With the regulatory clouds hanging over China’s big tech companies gradually parting, many stocks including Alibaba and Meituan have rallied over the past few months. However, shares in Tencent, which is due to report its Q2 earnings on 17 August, have not seen the same performance.
As Chinese tech giant Tencent [TCEHY] prepares to report its second quarter earnings on 17 August, analysts are expecting the continued impact of the government regulatory crackdown, Covid-19 lockdowns and rising inflation to weigh on revenues once again.
Tencent didn’t provide any guidance for the upcoming quarter at its Q1 earnings call. However, CFO James Mitchell did imply that advertising growth would likely be affected and would also likely “inflect positively” in the second half of the year. CEO Ma Huateng (pictured) had also confirmed that the company would implement “cost control initiatives” to help offset some operating expenses.
According to Bloomberg, analysts are expecting the company to report a quarterly revenue decline amid a slowdown in gaming sales. Consensus estimates peg revenue to come in at RMB135.6bn, which would be a dramatic fall from the RMB273.6bn reported in Q2 2021, although slightly up from the previous quarter’s RMB135.5bn.
Analysts polled by The Wall Street Journal are expecting earnings per share to come in at RMB2.55, lowered from RMB3.02 a month ago. Earnings of RMB4.23 per share were reported for Q2 2021 and RMB2.68 in Q1 2022.
“We need earnings recovery. But we do not see that yet,” Paul Pong, managing director at Hong Kong-based Pegasus Fund Managers, told Bloomberg last week. “The biggest problem for Tencent, like many of its peers, is that growth has almost stalled.”
Tencent shares hit fresh 52-week low
The Tencent share price dropped to a 52-week low of $36.57 on 1 August but closed on 12 August 5.1% higher at $38.44. It’s tumbled 43.2% since setting a 52-week high of HK$513.45 on 7 September 2021. Year-to-date, the stock is down 33.8%. In comparison, Alibaba [BABA] was down 20.2% and Meituan [3960.HK] has fallen 20.5% over the same period.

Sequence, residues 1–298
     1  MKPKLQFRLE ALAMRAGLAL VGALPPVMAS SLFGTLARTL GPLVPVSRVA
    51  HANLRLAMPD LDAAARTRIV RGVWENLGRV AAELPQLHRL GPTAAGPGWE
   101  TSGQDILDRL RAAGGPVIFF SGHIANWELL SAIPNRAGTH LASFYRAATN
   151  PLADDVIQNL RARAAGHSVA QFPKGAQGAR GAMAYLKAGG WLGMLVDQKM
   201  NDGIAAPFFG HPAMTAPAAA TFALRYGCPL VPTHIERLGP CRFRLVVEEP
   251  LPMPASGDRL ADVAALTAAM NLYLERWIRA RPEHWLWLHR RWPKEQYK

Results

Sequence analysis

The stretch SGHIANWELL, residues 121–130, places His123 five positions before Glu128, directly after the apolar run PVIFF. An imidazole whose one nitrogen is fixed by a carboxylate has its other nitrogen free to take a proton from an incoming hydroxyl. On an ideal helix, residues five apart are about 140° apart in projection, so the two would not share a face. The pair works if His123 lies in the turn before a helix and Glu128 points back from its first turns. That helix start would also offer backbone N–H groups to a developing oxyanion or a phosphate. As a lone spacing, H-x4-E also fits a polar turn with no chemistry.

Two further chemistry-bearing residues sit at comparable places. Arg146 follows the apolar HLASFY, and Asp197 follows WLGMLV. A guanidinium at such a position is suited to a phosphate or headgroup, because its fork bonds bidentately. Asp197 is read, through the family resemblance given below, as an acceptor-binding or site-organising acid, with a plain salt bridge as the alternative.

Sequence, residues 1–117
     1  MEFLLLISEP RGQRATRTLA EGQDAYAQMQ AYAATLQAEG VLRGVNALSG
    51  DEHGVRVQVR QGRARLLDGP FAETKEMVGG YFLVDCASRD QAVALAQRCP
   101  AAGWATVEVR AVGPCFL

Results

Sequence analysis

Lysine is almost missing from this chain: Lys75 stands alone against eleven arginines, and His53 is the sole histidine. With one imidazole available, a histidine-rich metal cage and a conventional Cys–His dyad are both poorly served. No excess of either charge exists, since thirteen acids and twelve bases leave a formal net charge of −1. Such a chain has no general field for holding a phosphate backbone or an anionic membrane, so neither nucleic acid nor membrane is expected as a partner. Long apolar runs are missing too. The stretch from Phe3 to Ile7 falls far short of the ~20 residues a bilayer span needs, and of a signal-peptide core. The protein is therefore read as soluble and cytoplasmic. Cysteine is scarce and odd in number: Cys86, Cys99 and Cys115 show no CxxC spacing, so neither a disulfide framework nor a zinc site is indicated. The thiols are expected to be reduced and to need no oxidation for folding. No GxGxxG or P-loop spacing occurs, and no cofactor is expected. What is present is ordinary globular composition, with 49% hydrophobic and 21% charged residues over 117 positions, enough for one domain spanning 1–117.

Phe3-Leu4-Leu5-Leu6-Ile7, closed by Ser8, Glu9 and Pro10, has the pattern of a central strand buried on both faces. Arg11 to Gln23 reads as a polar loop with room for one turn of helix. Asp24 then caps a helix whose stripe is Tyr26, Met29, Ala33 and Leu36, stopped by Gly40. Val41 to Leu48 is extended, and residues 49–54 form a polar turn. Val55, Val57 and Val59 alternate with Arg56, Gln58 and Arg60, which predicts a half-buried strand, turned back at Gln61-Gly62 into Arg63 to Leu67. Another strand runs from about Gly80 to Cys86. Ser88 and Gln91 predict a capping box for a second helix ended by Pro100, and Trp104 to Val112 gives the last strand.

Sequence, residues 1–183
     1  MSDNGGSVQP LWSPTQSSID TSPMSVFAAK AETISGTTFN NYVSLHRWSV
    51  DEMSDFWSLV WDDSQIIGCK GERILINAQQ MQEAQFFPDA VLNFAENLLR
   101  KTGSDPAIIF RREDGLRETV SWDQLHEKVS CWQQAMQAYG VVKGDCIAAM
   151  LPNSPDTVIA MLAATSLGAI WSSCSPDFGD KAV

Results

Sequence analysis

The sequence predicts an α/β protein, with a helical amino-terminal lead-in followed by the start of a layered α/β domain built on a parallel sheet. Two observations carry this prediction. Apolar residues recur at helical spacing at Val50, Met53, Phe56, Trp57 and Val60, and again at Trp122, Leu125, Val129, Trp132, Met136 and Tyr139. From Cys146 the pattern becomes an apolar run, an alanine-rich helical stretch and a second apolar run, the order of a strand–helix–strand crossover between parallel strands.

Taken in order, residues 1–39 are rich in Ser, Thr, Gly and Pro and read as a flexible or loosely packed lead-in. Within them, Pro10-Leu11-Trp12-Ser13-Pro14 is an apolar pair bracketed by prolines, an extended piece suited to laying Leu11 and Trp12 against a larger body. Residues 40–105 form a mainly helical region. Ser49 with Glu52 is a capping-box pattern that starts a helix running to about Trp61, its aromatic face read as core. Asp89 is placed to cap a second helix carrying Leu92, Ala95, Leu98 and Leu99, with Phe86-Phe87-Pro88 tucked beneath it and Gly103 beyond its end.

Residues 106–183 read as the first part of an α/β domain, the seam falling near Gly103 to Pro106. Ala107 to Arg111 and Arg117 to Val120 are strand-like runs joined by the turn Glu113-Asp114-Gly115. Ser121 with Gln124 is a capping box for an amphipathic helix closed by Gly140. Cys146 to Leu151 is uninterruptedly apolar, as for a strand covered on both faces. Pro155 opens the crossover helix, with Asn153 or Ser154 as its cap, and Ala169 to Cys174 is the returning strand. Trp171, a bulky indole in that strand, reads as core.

Not helping Tencent’s cause has been its biggest shareholder, Amsterdam-listed technology investor Prosus [PRX.AS] cutting its $134bn stake in June in order to fund share buybacks. VanEck senior analyst Ola El Shawarby doesn’t believe Prosus has gone off Tencent, according to Barron’s. Nonetheless, Prosus’s decision has put arguably put pressure on the Tencent share price ahead of its second quarter earnings.
Q1 growth concerns amid ad spending dip
A combination of regulatory uncertainty, Covid-19 lockdowns and creeping inflation meant first quarter revenue came in flat year-over-year at RMB135.5bn. This missed the consensus estimate of RMB141bn. Advertising revenue was particularly hit, down 18% from the year-ago quarter to RMB18bn, as a result of weaker demand and regulatory changes for online advertising.
Meanwhile, profit was RMB23.7bn, down 52% from Q1 2021. Adjusted EBITDA was down 13% to RMB46.1bn and free cash flow plummeted 54% to RMB15.2bn.
Ma Huateng, Tencent’s CEO and chairman, said in a statement following the earnings release: “During the challenging first quarter of 2022, we implemented cost control initiatives and rationalised certain non-core businesses, which would enable us to achieve a more optimised cost structure going forward.”
Huateng added that Tencent had continued to invest in strategic growth areas including enterprise software and international games.
Bo Pei, a tech analyst at US Tiger Securities, told the Financial Times following the Q1 report that the fact that lockdowns only started in mid-March and were still in place as of mid-May, “Tencent’s second-quarter outlook is even more challenging”.
Tencent’s gaming licence freeze
A major challenge facing Tencent is that the company has yet to receive a new video game licence since Chinese regulators paused its eight-month freeze back in April. This is despite a total of 196 licences being handed out. Tencent’s games business accounted for RMB72.7bn for Q1 2022, or 53% of total revenue.
The second-quarter earnings call could provide investors with an update on the licence situation, but with the outlook uncertain, the Tencent share price may not rebound anytime soon.
“The market is pricing in no new game approval for Tencent this year, a double-digit decline in advertising revenue and struggling cloud businesses,” Julia Pan, Shanghai-based analyst at UOB Kay Hian, told Bloomberg.
According to The Wall Street Journal, Tencent has 42 ‘buy’ ratings, seven ratings apiece for ‘overweight’ and ‘hold’, and three ‘sell’ ratings. The consensus price target is $55.57, implying an upside of 44.5% from the 12 August closing price of $38.44.
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